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    Sale 1353

    Important Pocketwatches and Wristwatches

    12 May 2008, Geneva

  • Lot 371

    Cartier, made by Maurice Couët. An exceptionally fine and rare rock crystal, gold, silver-plated, enamel and diamond-set eight-day Day and Night Comet clock with original box

    SIGNED CARTIER, PARIS, NO. 391, CASE ALSO NUMBERED 70002 AND 984474, CIRCA 1915

    Price Realised  

    Cartier, made by Maurice Couët. An exceptionally fine and rare rock crystal, gold, silver-plated, enamel and diamond-set eight-day Day and Night Comet clock with original box
    Signed Cartier, Paris, No. 391, case also numbered 70002 and 984474, circa 1915
    With gilt-finished eight-day movement, 15 jewels, bimetallic compensation balance, the circular gold and champlevé white and light blue enamel scroll and foliage decorated dial with Roman numerals to the upper arc, outer gold and white champlevé enamel minute ring, the hour indicated by a diamond-set platinum pointer attached to the inner rotating disk decorated with light blue enamel on engine-turned sunburst background, set with platinum-mounted rose-cut diamond sun and crescent moon motifs, appearing in turn and indicating day and night, in circular bevelled rock crystal case, the winder in the silver-plated back with hinged silver-plated metal and rock crystal stand, case signed and numbered
    100 mm. diam.


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    Accompanied by Cartier France original fitted presentation box.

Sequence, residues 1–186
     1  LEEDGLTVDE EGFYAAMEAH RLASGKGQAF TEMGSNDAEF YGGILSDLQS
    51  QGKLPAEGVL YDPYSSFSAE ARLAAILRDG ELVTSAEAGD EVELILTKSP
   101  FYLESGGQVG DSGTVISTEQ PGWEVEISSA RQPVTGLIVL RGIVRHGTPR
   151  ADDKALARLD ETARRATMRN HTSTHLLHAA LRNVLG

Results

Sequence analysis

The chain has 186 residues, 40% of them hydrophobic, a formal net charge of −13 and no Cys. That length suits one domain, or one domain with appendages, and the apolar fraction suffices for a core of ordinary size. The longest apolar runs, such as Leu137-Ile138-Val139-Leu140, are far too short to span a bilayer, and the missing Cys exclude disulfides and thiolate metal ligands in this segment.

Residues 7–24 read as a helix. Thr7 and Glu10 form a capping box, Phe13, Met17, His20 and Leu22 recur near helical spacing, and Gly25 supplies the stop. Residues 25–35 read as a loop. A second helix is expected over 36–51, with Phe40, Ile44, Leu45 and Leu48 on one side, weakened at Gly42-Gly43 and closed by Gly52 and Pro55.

The talented clockmaker Maurice Couët learned the basics of this fine art while working in his father's workshop in Evreux, France. After a tenure with Prévost in Paris, he opened his own workshop and, as of 1912, was commissioned by Cartier with the manufacture of imaginative clocks, such as the celebrated "Mystery" clocks. Couët's first inventions were the "planet" or "comet" clocks, also designated "semi-mystérieuses". These enchanting timepieces were usually featuring sky blue enamel dials and diamond-set hands formed as stars, moons or comet tails, poetically evoking the heavenly firmament and resembling the Islamic-style jewellery then made by Cartier.

    The rarity of the present "Comet" clock is enhanced by its excellent overall condition and the original box.

    For a description of these clocks and illustration of one of the earliest example of a "comet" clock, comparable to the present lot, see The Cartier Collection - Timepieces, Editions Flammarion, p. 151. Other examples are illustrated in Le Temps de Cartier by Jader Barracca, Giampiero Negretti, Franco Nencini, p. 62.